Its very diffuclt to scale up a targeting radar its easy with large wavelengths not the short. Not to mention all things on the radar with big returns would be much bigger making your radar screen light light up like the great London fire.

www.afa.org...
It's as scintillating return which means this.

Scintillation geatly reduces your accuracy and makes many problems in fire control and tracking. www.globalsecurity.org...

The YF 22 was designed in the late 80's and was ready in 1991. the first raptor which is significantly stealthier than the prototype first flew in 1997. The concept was there in the 80's not the design. well the raptor will one day be countered but not for a while.


Your reading but not understanding what you quoted there.

If the radar is able to pick up the F-22 at an angle not aligned with its wing leading edge etc then how is a massive increase in return going to hinder it. Scintillation makes it harder to track if you cannot track the lower returns.


Point taken on the radar increase - but when your on the ground you've power to burn. How many MW are pumping through the big AEGIS radars for instance?



posted on May, 5 2006 @ 04:19 PM
link   

Your reading but not understanding what you quoted there.

If the radar is able to pick up the F-22 at an angle not aligned with its wing leading edge etc then how is a massive increase in return going to hinder it. Scintillation makes it harder to track if you cannot track the lower returns.
Considering tracking it at those angles will be very difficult. It's not extremely high on the top either.



Point taken on the radar increase - but when your on the ground you've power to burn. How many MW are pumping through the big AEGIS radars for instance?
Wrong yet again. this applies to power on the ground. The AEGIS pumps out 4 megawatts which is still not enough. Considering amking the F/A 22 RCs larger with more power will also make the other returns much larger making the radar sccreen light up like crazy. It's not as easy. If you can't track it it's diffuclt to lock onto.



posted on May, 5 2006 @ 04:34 PM
link   

Originally posted by urmomma158
Considering tracking it at those angles will be very difficult. It's not extremely high on the top either.


Wrong yet again. this applies to power on the ground. The AEGIS pumps out 4 megawatts which is still not enough. Considering making the F/A 22 RCs larger with more power will also make the other returns much larger making the radar sccreen light up like crazy. It's not as easy. If you can't track it it's diffuclt to lock onto.


Why? Because the returns are low, yeah, well in future there will come a time when radars are able to track those returns.



Yeah - this applies to power on the ground. The AEGIS pumps out 4 MW, and is how many years old?

You think because the other returns will increase in intensity the F-22 will be lost in the clutter? The E-3 is how many years old?

With Moores law - CPU power is doubling every 18 months, and with multi-core processing algorithms coming on leaps and bounds....



posted on May, 5 2006 @ 07:00 PM
link   
The future not anytime soon. Bythen the Raptor will be obsolete. There will be a new kid on the block. Not to mention you're still dealing with a scintillating target which will make it extremely difficult to lock on. In the future stealth AC may have no returns or be too small.



posted on May, 5 2006 @ 10:05 PM
link   

Originally posted by planeman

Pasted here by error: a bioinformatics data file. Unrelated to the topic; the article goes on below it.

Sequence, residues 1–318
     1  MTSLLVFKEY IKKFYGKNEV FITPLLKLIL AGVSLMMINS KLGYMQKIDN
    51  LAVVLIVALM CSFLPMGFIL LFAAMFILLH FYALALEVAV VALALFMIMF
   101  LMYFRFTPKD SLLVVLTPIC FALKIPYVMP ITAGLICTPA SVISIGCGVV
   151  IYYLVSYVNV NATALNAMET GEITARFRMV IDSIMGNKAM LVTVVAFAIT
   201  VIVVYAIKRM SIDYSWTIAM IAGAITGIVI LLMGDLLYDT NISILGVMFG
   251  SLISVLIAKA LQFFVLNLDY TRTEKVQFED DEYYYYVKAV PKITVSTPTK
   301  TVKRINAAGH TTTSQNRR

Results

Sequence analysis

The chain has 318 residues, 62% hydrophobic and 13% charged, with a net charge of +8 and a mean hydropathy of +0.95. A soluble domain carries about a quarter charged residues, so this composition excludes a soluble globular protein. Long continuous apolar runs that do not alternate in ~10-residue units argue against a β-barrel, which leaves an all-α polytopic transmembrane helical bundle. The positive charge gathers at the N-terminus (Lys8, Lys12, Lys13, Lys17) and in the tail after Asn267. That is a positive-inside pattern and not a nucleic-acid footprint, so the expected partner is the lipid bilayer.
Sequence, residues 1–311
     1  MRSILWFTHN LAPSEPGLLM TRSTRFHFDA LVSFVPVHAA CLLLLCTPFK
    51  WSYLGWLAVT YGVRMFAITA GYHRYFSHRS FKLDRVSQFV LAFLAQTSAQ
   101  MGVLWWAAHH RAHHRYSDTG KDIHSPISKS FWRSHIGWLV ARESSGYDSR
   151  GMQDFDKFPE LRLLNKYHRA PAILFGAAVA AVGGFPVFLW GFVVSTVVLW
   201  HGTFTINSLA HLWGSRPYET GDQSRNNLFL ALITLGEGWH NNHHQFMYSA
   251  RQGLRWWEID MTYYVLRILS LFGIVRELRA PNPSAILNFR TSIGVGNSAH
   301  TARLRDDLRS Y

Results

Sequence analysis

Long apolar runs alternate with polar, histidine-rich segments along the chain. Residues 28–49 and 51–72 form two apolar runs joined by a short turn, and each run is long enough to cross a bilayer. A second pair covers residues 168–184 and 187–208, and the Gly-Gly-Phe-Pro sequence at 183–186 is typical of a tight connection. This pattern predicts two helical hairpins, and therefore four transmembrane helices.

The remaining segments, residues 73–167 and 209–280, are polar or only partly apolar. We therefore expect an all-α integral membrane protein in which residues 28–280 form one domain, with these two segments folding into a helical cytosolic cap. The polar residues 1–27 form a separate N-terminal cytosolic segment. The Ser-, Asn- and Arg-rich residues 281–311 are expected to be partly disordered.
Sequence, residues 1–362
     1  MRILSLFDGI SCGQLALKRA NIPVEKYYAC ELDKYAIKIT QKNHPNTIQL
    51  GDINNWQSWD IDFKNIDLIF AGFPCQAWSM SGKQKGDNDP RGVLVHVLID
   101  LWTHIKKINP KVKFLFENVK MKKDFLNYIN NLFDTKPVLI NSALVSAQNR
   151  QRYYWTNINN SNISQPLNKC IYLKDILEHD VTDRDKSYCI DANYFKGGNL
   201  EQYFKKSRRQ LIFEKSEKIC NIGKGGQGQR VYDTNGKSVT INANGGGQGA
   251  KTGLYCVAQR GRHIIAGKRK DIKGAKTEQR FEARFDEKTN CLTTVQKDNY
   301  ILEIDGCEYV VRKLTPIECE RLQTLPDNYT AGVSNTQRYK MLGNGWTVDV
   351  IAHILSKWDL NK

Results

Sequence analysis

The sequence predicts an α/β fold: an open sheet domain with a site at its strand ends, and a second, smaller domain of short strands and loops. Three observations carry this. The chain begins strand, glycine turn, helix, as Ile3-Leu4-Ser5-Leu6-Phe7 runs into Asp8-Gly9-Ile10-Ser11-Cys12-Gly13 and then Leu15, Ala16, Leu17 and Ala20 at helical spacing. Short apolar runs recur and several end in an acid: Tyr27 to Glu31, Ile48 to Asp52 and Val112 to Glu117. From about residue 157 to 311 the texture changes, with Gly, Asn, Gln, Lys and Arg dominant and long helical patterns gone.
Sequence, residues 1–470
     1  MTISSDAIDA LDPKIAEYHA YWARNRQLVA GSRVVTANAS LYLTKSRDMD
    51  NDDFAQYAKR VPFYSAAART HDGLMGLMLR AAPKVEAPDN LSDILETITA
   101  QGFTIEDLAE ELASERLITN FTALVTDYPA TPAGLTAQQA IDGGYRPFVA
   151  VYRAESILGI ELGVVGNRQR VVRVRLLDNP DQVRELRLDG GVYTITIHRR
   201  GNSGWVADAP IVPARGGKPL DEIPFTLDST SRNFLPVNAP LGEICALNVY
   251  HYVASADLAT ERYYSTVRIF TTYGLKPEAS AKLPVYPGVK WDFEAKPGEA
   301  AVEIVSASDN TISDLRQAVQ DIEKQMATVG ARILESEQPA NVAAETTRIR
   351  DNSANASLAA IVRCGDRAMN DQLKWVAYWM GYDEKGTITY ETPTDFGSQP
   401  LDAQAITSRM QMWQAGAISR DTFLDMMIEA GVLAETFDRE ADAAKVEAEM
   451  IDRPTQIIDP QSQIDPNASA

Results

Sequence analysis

It's a given that efforts have been made to REDUCE IR signiture comparable to similar aircraft on the F-22. These make it HARDER to get a lock.

But, is it still a combat practicality to get a lock? Even without afterburning, the jets are kicking out air at about 1000 degrees C. The surrounding air temperature is probably at -10~-50 degrees C at 30,000ft. So the higher the F-22 flies, the greater the heat contrast will be.
But the farther away the aircraft is, the more IR radiation is absorbed by atmospheric attenuation. And besides that, MANPADS, which are your biggest worry, will have less and less chance to lock on to you the higher you go.



posted on May, 6 2006 @ 04:47 AM
link   

Originally posted by urmomma158
There will be a new kid on the block. Not to mention you're still dealing with a scintillating target which will make it extremely difficult to lock on. In the future stealth AC may have no returns or be too small.


Never happen - when radar and processing power reach the point where they can track the wake left by an aircraft - any aircraft, its all over for stealth.



posted on May, 6 2006 @ 03:02 PM
link   

Never happen - when radar and processing power reach the point where they can track the wake left by an aircraft - any aircraft, its all over for stealth.


Again you're assuming propulsion techniques will be the same forever (and they won't be).



posted on May, 6 2006 @ 03:27 PM
link   

Originally posted by urmomma158
Again you're assuming propulsion techniques will be the same forever (and they won't be).



No, I'm assuming the means of generating lift will be the same - which they will be until we've gravity wells etc.


i.e. not in either of our lifetimes.



posted on May, 6 2006 @ 05:02 PM
link   
There's no way of being sure though.



posted on May, 6 2006 @ 09:12 PM
link   

Originally posted by kilcoo316
Never happen - when radar and processing power reach the point where they can track the wake left by an aircraft - any aircraft, its all over for stealth.


Don't be too sure, maybe for current stealth technology. Like I told you in another post, when radar tech was getting very precise at tracking normal aircraft stealth technology was developed. If stealth becomes obsolete then naturally a new technology will emerge. However currently the F-22 still gets the job done.



new topics

top topics



 
0
<< 1  2  3    5  6 >>

log in

join